Saturday, May 1, 2010

Because the Grammar Geek Said So!

Who the hell do I think I am?

I am an American whose first language is English. I speak the language of Thomas Jefferson who wrote that "We hold these truths to be self-evident, that all men are created equal, that they are endowed by their Creator with certain unalienable Rights, that among these are Life, Liberty and the pursuit of Happiness." I speak the language of Mark Twain, who so sagely advised "The holy passion of Friendship is of so sweet and steady and loyal and enduring a nature that it will last through a whole lifetime, if not asked to lend money."

I am a veteran of 20 years in the ESL classroom. I have spent countless hours explaining the difference between "most people" and "most of the people". I explain to students why using an adjective clause weakens their intent and why a main clause would express their ideas more concisely. I have uncountable nouns for lunch and wash them down with adverb complements and appositives. I go to sleep mulling over the difference between "my book" and "my own book."

I am the geek who thinks language is sudoku on steroids. It is better than the most intricate video game. It is the one art that I actually excel at. (At least in my own mind.) A piece of paper is a blank canvas waiting for me to write a love letter to my wife or express my outrage at the latest political idiocy. I can tell Grandma about the latest, greatest thing that every child in history has done, yet never quite so spectacularly as her grandson just did. I can make a grammar lesson that might explain a tricky point just a little bit differently enough to make a student say "Aha!"

I stop in the middle of a paragraph to admire an especially well-crafted sentence.

I shake my head in disbelief when I see a spelling error on a menu.

I yell at the screen when the CNN crawl details Tiger Woods' latest exploits. (Please tell me you immediately realized the s was missing after the apostrophe.)

I am the self-annointed king of the Grammar Geeks who has inherited a magical language, the most difficult and complex on the planet. I am its steward. It is my job to draw the line in the sand and declare "Thou shalt not do anything on accident." It is my job to defend that line to my dying breath and pass it on to the next generation of stewards, hoping beyond hope that they will care for it as passionately as I have tried to.

Show me where it says in the Constitution that, along with the freedoms of speech, assembly and blowing off my sister's wedding so I can draft my Fantasy Football team live, I have the freedom to butcher the English language and bend it into any unnatural shape I want simply because OMG, I don't get it and Jersey Shore is on in five minutes.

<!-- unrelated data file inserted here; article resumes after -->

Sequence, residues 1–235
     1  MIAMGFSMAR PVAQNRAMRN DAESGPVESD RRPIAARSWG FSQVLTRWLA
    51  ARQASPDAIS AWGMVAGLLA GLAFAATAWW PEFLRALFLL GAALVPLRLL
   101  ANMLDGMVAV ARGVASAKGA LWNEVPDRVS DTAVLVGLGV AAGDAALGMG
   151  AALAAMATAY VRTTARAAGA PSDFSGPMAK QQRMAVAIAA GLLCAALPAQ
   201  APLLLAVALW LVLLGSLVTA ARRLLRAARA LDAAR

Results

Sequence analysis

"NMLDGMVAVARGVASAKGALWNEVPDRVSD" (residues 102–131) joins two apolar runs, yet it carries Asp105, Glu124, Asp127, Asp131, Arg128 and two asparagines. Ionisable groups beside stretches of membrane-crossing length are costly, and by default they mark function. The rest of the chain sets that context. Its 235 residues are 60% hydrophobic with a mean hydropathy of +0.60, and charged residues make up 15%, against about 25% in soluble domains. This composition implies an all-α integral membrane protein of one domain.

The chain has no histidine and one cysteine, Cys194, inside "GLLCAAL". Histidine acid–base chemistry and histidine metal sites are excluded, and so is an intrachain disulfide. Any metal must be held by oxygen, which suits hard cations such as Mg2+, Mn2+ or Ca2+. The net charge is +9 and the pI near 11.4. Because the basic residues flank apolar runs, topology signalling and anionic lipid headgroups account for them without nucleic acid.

Grammar is like the ocean. There is no need to fear it, and we should all enjoy it. However, we must respect it, because if we don't, a shark might come up and take a piece out of your hind parts.

I am the Great White in an ocean of grammar just waiting to take a bite. That's who the hell I think I am.


  1. Grammar is like the ocean; and I have seen it get choppy far too often. ;-)
    Looking forward to other of your entries--and the occasional spirited discussion.

  2. Terrific start, Luther. You write beautifully. I'm glad Thanks for crediting me with your inspiration to begin.

  3. That's what this is all about -- spirited discussion. I think Krashen's greatest contribution to linguistics is that he inspired a lot of discussion and research, even though most of it ultimately proved he was off the mark.

  4. Ummm...I don't think Krashen's stuff is as off the mark as you suggest. I haven't found any research that suggests that his work is off the mark. Indeed, my own research supported his findings regarding the Affective Filter Hypotheses and the Monitor Hypothesis.

  5. I remember a lot of research was done specifically to debunk his theories. I agree with much of what he said, especially the Affective Filter. But at least when I was in grad school, Krashen was a borderline dirty word.

  6. I think there are those who say his work was all hooey. (There is a site called krashenburn.) But as I read through his work, he re-states (or rather synthesizes quite well) what others before him (Curran--indeed the whole Humanist Psychology movement, Gattegno, Stevick, Scovel to name but a few) had already said in one way or another. Krashen took all of this, and synthesized it into his Five Hypotheses. To say there was no research on it is to ignore all the stuff done in the late 60s and 70s by a lot of other researchers. I know researchers go in and out of vogue. It could be that when you were in school, he was out of vogue. In looking at my own (more recent) work, I see his work as still very relevant and correct.